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(LEAD) S. Korea's new satellite makes contact with ground station
DAEJEON, South Korea, Jan. 31 (Yonhap) -- South Korea's new science satellite successfully made contact with a ground station here Thursday, marking a complete success in the country's launch of its first-ever space rocket on the previous day, officials said.

   The first communication contact was made at 3:27:12 a.m., according to officials from the country's Satellite Technology Research Center at the Korea Advanced Institute of Science and Technology in Daejeon, 160 kilometers south of Seoul.

   The contact came after the Korea Space Launch Vehicle-1 (KSLV-1), carrying the 100-kilogram Science and Technology Satellite-2C, blasted off from the country's Naro Space Center at 4 p.m. Wednesday. The space center is 480 kilometers south of Seoul in Goheung, South Jeolla Province.

   Wednesday's launch of the KSLV-1, also known as Naro, was initially determined successful after the satellite transmitted its beacon signal to a ground station in Norway, some 90 minutes after liftoff.

   "At 4 p.m. today, the Naro was successfully launched. The satellite was deployed 540 seconds after the launch and an analysis of related data shows the satellite has successfully entered its target orbit," Science Minister Lee Ju-ho told a press conference earlier.

   The successful launch of the space rocket and deployment of the satellite into its proper orbit makes South Korea the 13th nation to have successfully sent a satellite into space from its own soil. It was the country's third attempt to send the KSLV-1 into space; attempts in 2009 and 2010 ended in failure.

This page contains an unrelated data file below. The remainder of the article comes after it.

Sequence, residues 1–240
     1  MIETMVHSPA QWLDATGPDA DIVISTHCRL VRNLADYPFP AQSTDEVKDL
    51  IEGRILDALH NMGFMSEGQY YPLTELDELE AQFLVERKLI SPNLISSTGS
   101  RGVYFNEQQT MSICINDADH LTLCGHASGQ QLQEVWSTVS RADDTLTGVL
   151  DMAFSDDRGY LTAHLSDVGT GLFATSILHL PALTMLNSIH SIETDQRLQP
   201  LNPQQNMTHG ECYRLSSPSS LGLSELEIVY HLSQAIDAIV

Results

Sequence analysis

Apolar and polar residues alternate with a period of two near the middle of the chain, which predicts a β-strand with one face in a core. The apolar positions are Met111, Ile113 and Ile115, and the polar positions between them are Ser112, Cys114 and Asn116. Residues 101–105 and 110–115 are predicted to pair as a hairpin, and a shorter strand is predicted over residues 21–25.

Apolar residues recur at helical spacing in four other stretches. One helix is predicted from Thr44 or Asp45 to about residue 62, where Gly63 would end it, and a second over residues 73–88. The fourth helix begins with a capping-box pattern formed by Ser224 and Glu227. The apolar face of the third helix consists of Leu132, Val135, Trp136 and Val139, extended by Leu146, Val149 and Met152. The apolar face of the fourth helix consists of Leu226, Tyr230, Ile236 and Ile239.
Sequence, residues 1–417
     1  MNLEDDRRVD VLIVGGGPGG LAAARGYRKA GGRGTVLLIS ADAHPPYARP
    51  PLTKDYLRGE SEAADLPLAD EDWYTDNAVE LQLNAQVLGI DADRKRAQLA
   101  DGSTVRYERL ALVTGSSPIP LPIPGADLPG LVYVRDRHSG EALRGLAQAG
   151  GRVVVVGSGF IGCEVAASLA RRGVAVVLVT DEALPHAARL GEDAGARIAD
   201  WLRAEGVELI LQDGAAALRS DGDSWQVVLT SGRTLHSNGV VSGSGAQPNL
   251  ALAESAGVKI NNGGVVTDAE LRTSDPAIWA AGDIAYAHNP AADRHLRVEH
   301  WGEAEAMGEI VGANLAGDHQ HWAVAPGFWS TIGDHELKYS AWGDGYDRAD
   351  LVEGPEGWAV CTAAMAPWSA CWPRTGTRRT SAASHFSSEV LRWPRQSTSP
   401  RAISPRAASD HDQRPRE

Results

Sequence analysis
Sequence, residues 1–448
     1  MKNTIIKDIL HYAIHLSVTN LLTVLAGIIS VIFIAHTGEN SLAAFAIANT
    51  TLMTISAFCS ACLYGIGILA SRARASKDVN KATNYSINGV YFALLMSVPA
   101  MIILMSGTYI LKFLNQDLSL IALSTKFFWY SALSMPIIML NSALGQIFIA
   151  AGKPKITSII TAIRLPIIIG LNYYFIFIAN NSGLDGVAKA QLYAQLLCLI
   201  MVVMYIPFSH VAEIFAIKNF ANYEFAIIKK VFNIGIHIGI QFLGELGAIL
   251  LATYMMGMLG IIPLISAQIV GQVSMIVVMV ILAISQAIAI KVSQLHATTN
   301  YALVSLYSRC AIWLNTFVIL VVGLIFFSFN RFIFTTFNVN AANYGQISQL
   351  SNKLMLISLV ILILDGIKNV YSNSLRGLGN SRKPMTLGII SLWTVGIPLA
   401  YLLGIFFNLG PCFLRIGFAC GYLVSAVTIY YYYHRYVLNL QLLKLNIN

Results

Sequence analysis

The country has so far sent 10 satellites into space, but all were launched from foreign soil, using foreign rockets.

   The new satellite, developed indigenously by the Korea Advanced Institute of Science and Technology, orbits the Earth every 103 minutes or about 14 times a day.

   However, it has a short operational lifespan of about one year as it was partly designed to test the country's ability to send a satellite into space.

   The KSLV-1 was partly built by Russia's Khrunichev State Research and Production Space Center, but with its successful launch, Seoul plans to develop an indigenous space launch vehicle.

   The country earlier had plans to develop its own space rocket with a 300-ton thrust by 2021. The science minister, however, said on Wednesday that the development program could be completed much earlier, in 2018 or 2019 with government support.